Friday, February 17, 2006

More on the Cheney shooting incident, namely why what's most troublesome about the accident is nearly everything other than the accident itself:
....It took multiple phone calls and several hours for Bush to find out that his vice president almost killed a man. Bush's obliviousness is more interesting than Cheney's bad aim.

Being out of the loop is nothing new for this president. Whenever the public gets a random glimpse into Bush's private schedule, he seems to be strangely detached from events around him. When a crazy person sprayed the White House grounds with bullets in the middle of the day in 2001, we learned Bush was not working, but working out. When a plane flew into restricted Washington air space in 2005, Bush was biking in the suburbs, clueless about the emergency.

....Fear of detail is what has led to Bush's greatest failures. He didn't aggressively follow up on the pre-9/11 Presidential Daily Brief that warned "bin Ladin Determined to Strike in US." He was so determined not to second guess his generals that he watched from the sidelines as their military strategy allowed bin Laden to escape from Tora Bora. The Abu Ghraib prison scandal spread out of control without presidential intervention. And as the damning report to be released today on Hurricane Katrina shows, Bush dithered while New Orleans sank. According to The Washington Post, the report notes that "'earlier presidential involvement could have speeded the response' because he alone could have cut through all bureaucratic resistance." But that would have required micro-management instead of delegation.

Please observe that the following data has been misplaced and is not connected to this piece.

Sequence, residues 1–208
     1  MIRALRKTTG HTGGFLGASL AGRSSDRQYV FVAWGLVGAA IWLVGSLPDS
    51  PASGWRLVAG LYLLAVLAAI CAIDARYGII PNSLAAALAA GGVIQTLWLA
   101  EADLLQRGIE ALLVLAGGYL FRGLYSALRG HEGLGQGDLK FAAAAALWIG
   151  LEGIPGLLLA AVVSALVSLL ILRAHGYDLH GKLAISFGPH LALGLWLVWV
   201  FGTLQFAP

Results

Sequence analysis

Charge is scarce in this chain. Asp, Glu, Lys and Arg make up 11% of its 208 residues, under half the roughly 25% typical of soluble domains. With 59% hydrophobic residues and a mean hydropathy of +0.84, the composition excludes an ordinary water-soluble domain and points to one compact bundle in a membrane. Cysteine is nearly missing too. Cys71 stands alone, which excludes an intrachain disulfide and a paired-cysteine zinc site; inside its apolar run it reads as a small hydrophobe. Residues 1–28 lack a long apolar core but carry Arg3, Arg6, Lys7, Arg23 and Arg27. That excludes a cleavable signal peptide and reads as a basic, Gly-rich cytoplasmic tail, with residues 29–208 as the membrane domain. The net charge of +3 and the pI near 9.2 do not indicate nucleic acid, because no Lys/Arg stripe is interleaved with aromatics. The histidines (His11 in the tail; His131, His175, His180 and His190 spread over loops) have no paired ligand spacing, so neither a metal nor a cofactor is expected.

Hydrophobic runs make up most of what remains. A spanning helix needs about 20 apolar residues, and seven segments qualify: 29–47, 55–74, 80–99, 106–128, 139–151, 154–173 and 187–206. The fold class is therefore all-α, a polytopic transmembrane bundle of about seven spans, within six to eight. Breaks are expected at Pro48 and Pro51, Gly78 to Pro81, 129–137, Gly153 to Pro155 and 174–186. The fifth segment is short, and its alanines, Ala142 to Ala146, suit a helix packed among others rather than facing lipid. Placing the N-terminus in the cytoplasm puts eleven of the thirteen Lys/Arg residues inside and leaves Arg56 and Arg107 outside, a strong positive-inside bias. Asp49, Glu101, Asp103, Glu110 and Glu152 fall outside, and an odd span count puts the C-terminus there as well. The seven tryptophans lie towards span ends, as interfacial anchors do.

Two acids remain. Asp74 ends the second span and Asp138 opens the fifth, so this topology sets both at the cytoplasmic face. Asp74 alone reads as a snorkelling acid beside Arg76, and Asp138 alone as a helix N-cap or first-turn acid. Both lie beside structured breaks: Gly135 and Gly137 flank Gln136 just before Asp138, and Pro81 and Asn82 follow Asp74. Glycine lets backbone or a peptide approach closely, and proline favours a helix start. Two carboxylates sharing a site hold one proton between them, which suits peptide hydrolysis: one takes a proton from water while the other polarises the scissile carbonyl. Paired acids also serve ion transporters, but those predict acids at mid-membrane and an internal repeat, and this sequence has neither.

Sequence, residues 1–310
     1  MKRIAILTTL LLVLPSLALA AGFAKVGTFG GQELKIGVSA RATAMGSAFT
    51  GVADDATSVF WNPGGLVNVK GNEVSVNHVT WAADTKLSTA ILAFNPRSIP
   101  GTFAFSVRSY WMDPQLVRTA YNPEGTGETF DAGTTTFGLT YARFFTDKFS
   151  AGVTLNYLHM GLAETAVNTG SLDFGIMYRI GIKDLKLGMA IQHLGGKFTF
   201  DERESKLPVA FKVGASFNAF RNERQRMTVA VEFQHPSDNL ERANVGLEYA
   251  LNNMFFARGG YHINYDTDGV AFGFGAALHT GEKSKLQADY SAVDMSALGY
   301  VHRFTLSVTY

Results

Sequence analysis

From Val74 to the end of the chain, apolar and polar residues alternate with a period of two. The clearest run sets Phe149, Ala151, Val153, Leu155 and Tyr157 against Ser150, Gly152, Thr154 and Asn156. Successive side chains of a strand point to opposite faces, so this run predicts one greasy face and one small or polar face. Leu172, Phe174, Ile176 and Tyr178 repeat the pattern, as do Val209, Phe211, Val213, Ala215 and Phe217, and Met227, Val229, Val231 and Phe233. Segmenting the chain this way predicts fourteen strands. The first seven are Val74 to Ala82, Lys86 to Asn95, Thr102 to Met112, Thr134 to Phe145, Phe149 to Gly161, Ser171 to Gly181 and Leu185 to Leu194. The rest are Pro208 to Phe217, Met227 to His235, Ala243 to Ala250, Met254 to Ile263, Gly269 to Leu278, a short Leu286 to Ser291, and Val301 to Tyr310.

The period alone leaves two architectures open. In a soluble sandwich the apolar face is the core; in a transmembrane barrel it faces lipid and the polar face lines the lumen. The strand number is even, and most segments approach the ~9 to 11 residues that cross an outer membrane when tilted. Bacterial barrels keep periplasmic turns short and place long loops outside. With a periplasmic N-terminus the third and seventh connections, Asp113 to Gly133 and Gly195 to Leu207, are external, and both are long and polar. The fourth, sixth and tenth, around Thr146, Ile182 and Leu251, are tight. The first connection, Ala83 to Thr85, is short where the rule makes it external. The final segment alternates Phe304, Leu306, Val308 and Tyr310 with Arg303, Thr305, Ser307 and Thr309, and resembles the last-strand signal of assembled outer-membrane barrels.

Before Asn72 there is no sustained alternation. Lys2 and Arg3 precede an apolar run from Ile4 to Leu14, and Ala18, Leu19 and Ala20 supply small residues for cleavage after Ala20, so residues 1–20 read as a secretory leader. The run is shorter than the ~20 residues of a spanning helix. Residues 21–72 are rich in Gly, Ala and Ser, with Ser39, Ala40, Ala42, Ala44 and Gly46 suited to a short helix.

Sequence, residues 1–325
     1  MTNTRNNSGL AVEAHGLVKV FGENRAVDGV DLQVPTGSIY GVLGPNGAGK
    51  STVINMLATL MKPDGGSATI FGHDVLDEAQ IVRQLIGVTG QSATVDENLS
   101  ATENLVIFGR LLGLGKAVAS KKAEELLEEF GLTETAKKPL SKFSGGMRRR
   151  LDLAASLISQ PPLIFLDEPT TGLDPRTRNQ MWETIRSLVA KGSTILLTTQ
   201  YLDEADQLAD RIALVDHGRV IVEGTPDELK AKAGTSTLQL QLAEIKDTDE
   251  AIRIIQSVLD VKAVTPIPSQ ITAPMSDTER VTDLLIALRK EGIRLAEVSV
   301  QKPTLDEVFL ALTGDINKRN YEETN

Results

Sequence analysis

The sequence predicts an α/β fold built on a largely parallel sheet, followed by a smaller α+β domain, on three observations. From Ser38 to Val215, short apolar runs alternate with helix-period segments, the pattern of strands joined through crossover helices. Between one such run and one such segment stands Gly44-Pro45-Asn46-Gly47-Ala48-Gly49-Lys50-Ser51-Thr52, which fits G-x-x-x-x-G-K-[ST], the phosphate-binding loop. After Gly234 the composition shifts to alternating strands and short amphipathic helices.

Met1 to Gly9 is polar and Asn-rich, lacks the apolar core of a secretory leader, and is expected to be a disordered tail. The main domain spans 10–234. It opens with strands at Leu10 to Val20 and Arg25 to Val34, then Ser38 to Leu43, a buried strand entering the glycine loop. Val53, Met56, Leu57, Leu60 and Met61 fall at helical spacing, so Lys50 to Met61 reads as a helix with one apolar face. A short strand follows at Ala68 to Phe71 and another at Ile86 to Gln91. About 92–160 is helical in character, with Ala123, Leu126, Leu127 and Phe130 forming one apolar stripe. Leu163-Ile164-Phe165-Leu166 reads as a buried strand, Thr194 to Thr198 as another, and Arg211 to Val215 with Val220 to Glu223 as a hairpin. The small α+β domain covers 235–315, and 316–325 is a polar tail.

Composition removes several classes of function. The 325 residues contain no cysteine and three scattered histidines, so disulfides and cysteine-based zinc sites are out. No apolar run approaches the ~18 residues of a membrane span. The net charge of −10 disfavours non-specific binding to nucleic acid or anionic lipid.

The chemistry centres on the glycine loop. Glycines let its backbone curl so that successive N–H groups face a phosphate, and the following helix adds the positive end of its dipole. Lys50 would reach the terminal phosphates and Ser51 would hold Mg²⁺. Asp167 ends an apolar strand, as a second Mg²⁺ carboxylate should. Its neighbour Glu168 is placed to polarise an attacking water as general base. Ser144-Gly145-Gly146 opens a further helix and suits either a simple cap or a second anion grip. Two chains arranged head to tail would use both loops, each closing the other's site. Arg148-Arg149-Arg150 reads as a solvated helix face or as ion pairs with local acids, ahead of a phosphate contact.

The Bushies are supposedly fans of the so-called unitary executive theory, an idea with roots in Alexander Hamilton's Federalist No. 70. Their reading of Hamilton is that the executive branch has to be powerful. But they have it wrong. Hamilton didn't call for a powerful executive, he called for an "energetic" one, the kind who cuts through bureaucracy during an emergency or commands his generals instead of deferring to them. But Bush's detached MBAism is the opposite of energetic. It's passive and lethargic. No wonder he's always the last to know.
Well, King George is "passive and lethargic" when it comes to governance, public policy, and serving as the competent president we deserve. However, he apparently only has the energy to do things like workout incessantly, ride bikes, clear brush, and pack bags for vacations.

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